I'm going to assume for the sake of argument that "several years" means 5 years and that our hypothetical creator who worked for those 5 years to produce his work is named Joe. I would like to see a law that limits the compensation Joe can receive to somewhere in the area of $50k (or more correctly the average Canadian income for full-time workers, for which I don't have data right now) times the 5 years he worked (total $250k). After that, our society has fairly compensated Joe for his time and his work should fall into the public domain. That does not mean that Joe cannot make more money, but his EXCLUSIVE MONOPOLY is at an end.
I believe that is fair compensation for Joe, what do the rest of Canadians think ?
P_M [2009-07-22 16:56] Comment ID: 487 Reply to: 472
The government will not place limits on the amount of money an author can earn from a book (any more than it legislates what anyone else can earn - earning is unlimited, except for taxes) so there's not much point in discussing that.
Consumers don't have any right in law to intellectual property - if I want, I can just burn my manuscript without publishing it, and no-one can complain that that violates the law. However, once copyright expires, a work does indeed become available for the public to use without payment of royalties.
eye.zak [2009-07-22 17:17] Comment ID: 490 Reply to: 487
I'm not saying that there should be a limit on earnings, but that just a time limit is not the most equitable expiration policy for copyright. If the purpose of copyright is to ensure fair compensation for creators, why should it not expire once they have received their fair compensation ?
P_M [2009-07-22 17:25] Comment ID: 491 Reply to: 490
"If the purpose of copyright is to ensure fair compensation for creators, why should it not expire once they have received their fair compensation ?"
Because no-one really has a right to determine how much money someone else can get from a creation - not in a capitalist system.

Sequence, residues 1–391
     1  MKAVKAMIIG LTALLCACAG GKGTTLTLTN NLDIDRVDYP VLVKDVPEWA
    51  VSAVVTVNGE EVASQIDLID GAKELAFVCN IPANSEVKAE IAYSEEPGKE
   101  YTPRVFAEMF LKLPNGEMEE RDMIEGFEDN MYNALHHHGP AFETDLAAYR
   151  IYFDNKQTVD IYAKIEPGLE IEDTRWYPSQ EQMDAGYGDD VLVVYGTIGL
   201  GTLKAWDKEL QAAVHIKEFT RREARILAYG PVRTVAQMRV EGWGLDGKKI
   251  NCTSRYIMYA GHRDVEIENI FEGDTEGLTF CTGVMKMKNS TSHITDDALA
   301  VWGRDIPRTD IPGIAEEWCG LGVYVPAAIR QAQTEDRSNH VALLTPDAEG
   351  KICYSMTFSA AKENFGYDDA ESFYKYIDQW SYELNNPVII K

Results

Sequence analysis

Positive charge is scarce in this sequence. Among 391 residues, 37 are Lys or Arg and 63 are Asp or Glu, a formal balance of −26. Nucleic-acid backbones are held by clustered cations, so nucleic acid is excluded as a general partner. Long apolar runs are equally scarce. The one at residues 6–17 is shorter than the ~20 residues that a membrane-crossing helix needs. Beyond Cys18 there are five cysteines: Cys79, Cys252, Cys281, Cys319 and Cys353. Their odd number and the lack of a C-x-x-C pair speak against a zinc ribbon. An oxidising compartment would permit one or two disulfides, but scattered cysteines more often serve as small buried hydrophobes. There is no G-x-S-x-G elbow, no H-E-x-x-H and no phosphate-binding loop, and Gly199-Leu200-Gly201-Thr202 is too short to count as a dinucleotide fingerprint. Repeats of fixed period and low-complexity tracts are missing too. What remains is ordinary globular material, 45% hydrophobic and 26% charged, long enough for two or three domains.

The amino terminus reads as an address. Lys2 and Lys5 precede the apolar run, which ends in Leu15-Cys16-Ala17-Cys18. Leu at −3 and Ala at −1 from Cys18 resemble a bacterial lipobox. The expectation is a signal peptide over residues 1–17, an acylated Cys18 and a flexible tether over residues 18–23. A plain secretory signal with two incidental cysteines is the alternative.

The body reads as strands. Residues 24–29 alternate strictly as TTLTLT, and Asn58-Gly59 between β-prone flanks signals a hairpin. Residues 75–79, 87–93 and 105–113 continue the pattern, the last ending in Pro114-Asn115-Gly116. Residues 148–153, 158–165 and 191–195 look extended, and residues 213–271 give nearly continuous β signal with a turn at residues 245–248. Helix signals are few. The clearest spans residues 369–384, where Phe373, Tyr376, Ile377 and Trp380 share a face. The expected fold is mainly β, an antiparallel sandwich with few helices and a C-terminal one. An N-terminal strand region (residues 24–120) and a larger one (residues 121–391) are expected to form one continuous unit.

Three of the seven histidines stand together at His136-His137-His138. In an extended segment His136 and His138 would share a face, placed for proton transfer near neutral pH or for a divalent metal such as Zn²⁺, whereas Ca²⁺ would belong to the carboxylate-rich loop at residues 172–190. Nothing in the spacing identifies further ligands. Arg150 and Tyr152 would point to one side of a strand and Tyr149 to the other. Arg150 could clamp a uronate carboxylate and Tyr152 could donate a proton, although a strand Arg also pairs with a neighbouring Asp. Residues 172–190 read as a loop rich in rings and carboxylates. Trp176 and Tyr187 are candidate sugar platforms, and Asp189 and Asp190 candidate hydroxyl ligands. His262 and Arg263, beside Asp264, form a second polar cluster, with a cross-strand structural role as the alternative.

The marketplace determines that. Otherwise, there'd be no copyright on movies because they make millions on the opening weekend. The creator is a speculator who creates something without payment, hoping for a big return.
eye.zak [2009-07-22 17:46] Comment ID: 499 Reply to: 491
I think your example about movies lacks depth of consideration. Consider how many people worked on the movie, from writers to actors, directors, and support staff. Factor in that compensation for all of them and the fair compensation for the movie is a significant amount.
Also, the movie creators can make more money by doing more work: lets say a director's cut with commentary and such, or a reading by the author for your previous book example. Since they begin with the monopoly they have an advantage over other reproduction efforts as they should.
Remember capitalist principles pre-date copyright by a significant time. Early capitalism dates back at least to the 15th century, or earlier outside western civilisation. Copyright is much younger - 18th century for its inception, but the end of the 19th century for widespread adoption.
eye.zak [2009-07-22 17:59] Comment ID: 505 Reply to: 499
My internet search capacity at the moment has failed to yield the numbers I was looking for, but lets say 750 people worked on a movie for two years. That would put the limit I am proposing at about 75 million.